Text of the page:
Quality Growth Boutique

Controlling the Darkside of Network Effects

Turning Stones Blog

Few people have warm memories of government monopolies from the 1970s – no choice and terrible service.  Since then, services developed dramatically, particularly with the arrival of the internet and affordable technology. Free online services made a few companies, that were able to leverage massive network effects, powerful. Things evolved, then evolved again – “they sold my information” …. “they are watching us”….  When monopolies control vital services such as communications, or private information, the actual costs to users have the potential to be very high. Payment is not always in cash, and not always innocent – how bad it gets depends on who’s running the company and who runs the regulators.

Passive investors turn a blind eye to investing in companies that profit maximize at any cost. Active investors need to provide the balance between the power of dominant companies and a healthy role in the economy.  Active investors and regulators hold crucial roles. If either are absent, consumers and investors can both lose.

Becoming a monopoly without legal barriers

An established path to dominance is through ‘network effects’. A network effect is when many users are drawn to a platform where the value to a user increases with each new entrant. Amazon has a network effect as its sellers benefit from a huge number of buyers, and vice versa. To illustrate the effect, between 1,000 users there are some 499,500 potential connections. By the time you have 100 million users, the leverage from joining a network is significant. As the strength of the network grows, economies of scale are reinforced, smaller players cannot compete, and dominant companies rise with awesome barriers to entry.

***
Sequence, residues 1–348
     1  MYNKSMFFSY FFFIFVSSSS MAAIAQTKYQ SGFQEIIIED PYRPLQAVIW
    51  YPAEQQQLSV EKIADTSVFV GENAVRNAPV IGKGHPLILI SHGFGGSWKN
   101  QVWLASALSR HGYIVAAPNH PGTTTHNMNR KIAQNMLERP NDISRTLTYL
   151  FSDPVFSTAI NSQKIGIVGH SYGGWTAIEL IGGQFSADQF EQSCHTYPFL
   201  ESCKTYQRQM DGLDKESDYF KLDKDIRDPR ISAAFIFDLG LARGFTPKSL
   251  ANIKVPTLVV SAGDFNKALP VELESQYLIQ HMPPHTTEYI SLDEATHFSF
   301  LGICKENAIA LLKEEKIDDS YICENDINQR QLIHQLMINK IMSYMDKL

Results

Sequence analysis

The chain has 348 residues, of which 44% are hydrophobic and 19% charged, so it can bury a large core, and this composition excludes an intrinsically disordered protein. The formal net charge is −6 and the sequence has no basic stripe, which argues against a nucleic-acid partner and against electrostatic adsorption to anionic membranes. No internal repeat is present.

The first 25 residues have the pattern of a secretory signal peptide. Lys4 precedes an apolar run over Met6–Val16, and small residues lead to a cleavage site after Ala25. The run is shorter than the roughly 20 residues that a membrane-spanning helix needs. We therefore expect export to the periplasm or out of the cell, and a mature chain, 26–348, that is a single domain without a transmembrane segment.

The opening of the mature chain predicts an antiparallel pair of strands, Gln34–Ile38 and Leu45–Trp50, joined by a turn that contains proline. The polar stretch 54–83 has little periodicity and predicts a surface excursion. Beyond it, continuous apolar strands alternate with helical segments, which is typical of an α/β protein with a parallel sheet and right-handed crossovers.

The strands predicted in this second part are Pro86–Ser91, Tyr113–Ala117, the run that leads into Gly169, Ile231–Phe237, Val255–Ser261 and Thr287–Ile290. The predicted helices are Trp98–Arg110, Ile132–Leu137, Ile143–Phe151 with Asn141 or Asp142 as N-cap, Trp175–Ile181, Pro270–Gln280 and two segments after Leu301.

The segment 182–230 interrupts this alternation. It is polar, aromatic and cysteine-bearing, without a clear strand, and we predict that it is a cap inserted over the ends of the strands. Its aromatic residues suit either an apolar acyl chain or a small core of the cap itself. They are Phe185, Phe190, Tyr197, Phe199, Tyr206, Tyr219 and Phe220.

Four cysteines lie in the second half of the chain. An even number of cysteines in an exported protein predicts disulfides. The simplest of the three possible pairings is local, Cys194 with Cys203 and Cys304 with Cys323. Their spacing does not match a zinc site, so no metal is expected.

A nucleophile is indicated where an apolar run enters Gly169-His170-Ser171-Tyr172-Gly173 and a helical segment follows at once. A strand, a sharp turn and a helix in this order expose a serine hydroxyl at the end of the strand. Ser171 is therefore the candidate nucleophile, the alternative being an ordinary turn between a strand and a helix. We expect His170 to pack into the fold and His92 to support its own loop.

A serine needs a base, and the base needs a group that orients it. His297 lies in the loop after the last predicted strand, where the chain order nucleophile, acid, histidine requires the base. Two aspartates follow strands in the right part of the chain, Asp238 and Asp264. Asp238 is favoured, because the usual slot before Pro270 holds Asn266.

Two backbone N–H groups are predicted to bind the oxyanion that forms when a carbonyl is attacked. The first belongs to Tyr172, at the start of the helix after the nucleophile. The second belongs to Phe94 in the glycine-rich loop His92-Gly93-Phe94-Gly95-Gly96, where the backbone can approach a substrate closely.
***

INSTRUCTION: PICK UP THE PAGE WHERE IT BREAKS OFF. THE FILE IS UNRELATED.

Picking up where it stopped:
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The win

The win comes from the number of connections, and interactions, growing much quicker than the number of new users. At the same time the cost per user remains flat.  Many internet monopolies generate their income indirectly through selling advertising to you, the user.  To maximize revenue, they make their advertising as effective as possible.  To do this, they accumulate as much information about you as possible: your location, when you wake up, what you bought, what you looked up. When users willingly give up this information, things can go sour.  An example is a communications platform that becomes the broadly-accepted way to exchange private or business information. It should be possible to extract considerable value from its ‘sticky’ user base as dropping off the platform would have negative consequences for the user.

Network effect has turned nerds into dazzling celebrities at behemoths such as Microsoft, Google, and Alibaba. But network effect is not new.  For example, few towns historically had a second marketplace as all the buyers and sellers were already in the first market.  And, in terms of the potential we see with the technology companies today, this was recognized more than a hundred years ago. The CEO of the AT&T phone company, Theodore Vail, noted in its 1907 annual report that ‘the measure of value is not in the particular class of line connecting any subscriber to an exchange, but in the use of the exchange system as a whole’1.  Not without coincidence, AT&T went on to control almost the entire U.S. telephone system.  ‘Ma Bell’, as it was referred to, lasted until 1982 when it was finally broken up by regulators.

While global network effects are relatively rare outside of technology platforms, they can also be effective on a regional basis. Areas where network effects have taken hold include:

Utility (like):